The UAV joint production deal is reported to cost $400 million of which Moscow will pay IAI $280 million up front and the remainder ($120 million) will be provided as goods and services, while the term of the contract has a duration of three years (beginning in 2011). A production unit will be built in Tatarstan that will assemble hundreds of modern UAV’s for the Russian defense ministry and other militarized structures. The joint production deal is in addition to the purchases by the Russian military of several consignments of Israeli UAV’s made by IAI. Reportedly the defense ministry procured 12 UAV’s in April 2009 for $53 million and later another 36 worth $100 million and an additional 15 for an undisclosed price. IAI might receive up to $600 million in total, and Israel may acquire an enhanced capability to influence Moscow’s policies in the Middle East while the Russian military will secure an essential capability it previously lacked to fight effectively in local conflicts in the “near abroad” (, October 13).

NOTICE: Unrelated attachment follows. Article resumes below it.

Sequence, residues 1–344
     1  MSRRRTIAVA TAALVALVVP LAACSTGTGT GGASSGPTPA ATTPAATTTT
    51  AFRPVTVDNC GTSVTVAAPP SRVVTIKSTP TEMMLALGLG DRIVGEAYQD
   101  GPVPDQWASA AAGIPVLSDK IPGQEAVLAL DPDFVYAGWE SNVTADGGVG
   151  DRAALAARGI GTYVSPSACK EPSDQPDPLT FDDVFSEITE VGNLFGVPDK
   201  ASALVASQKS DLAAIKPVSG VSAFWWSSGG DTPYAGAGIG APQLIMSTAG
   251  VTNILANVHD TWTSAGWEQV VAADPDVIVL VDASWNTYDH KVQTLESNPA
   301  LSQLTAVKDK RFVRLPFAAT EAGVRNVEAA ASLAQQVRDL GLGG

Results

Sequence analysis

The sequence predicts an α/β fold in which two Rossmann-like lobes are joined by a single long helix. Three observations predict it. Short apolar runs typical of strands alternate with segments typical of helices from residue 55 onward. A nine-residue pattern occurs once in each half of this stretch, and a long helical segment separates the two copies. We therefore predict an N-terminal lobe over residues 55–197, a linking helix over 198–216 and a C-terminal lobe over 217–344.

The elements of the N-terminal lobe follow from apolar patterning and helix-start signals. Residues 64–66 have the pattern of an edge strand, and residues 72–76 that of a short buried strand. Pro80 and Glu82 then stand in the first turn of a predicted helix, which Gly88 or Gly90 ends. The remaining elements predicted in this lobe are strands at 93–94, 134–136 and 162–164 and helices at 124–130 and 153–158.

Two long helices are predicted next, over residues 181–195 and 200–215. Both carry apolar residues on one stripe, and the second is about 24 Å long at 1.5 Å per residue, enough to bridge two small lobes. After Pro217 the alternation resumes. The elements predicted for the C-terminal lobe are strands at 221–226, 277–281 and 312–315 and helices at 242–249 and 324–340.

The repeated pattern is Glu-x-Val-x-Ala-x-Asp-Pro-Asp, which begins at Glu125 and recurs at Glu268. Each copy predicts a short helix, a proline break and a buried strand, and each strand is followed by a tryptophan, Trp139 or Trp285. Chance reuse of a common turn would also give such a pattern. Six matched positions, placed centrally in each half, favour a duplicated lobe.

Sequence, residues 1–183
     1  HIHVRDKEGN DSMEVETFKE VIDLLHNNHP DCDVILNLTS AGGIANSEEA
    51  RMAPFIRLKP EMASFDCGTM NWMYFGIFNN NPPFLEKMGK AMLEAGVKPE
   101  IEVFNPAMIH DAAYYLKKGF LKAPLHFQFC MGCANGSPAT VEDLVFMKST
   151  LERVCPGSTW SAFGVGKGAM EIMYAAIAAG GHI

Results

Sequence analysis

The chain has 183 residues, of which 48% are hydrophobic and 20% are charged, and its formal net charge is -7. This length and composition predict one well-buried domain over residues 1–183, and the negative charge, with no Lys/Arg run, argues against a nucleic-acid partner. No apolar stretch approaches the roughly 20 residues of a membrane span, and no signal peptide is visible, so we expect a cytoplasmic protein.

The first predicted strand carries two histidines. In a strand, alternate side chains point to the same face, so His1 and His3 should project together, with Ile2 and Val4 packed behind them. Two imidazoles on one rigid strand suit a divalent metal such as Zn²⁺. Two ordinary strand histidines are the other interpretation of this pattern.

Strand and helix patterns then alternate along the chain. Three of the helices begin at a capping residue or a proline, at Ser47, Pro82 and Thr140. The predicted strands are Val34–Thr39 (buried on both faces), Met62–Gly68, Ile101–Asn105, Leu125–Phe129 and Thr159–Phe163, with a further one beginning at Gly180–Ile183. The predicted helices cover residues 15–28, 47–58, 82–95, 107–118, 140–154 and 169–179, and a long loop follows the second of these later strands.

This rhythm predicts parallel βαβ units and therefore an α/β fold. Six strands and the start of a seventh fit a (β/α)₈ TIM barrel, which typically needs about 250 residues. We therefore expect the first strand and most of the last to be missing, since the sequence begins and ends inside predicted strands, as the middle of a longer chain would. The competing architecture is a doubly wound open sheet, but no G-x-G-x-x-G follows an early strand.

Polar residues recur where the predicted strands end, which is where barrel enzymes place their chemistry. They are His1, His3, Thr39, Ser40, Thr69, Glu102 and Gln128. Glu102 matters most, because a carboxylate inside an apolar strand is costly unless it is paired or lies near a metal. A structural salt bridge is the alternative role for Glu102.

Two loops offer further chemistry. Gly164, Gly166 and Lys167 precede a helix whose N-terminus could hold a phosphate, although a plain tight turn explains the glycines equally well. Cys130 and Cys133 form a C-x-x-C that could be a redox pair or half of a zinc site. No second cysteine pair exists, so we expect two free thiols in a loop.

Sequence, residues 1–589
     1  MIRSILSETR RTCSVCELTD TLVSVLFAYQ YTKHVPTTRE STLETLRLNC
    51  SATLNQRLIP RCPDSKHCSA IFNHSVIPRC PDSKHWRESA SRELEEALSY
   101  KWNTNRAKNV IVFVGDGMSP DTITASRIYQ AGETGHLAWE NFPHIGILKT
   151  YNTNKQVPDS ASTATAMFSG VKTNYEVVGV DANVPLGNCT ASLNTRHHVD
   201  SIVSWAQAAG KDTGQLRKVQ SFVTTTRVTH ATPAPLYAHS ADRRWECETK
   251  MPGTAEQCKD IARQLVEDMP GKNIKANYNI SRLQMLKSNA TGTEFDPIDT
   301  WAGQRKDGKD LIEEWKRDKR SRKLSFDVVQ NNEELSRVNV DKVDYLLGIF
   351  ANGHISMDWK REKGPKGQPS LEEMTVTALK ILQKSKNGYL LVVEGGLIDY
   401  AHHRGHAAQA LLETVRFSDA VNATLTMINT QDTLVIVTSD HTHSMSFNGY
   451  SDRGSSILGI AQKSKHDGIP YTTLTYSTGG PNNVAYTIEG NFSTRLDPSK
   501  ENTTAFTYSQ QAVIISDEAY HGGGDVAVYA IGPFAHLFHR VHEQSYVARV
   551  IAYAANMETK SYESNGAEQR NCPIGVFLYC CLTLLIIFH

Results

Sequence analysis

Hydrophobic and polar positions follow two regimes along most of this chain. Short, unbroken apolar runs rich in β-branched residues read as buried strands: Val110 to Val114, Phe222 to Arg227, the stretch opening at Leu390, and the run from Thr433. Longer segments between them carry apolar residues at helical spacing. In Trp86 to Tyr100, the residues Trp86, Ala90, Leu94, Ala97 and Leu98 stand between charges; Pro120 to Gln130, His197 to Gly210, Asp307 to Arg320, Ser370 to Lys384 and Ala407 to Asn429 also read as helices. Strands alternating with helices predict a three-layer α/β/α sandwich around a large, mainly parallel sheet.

During the abortive war with Georgia in August 2008, according to the chief of the elite airborne forces, Lieutenant-General Vladimir Shamanov, Israeli-made UAV’s constantly hovered overhead, while Russian troops tried but failed to shoot them down. UAV’s gave the Georgian leadership prior information about an imminent second Russian invasion coming from Abkhazia that allowed them to successfully hide in advance most of their troops and heavy weapons, while Russian generals did not know for sure where the enemy was (EDM, June 10).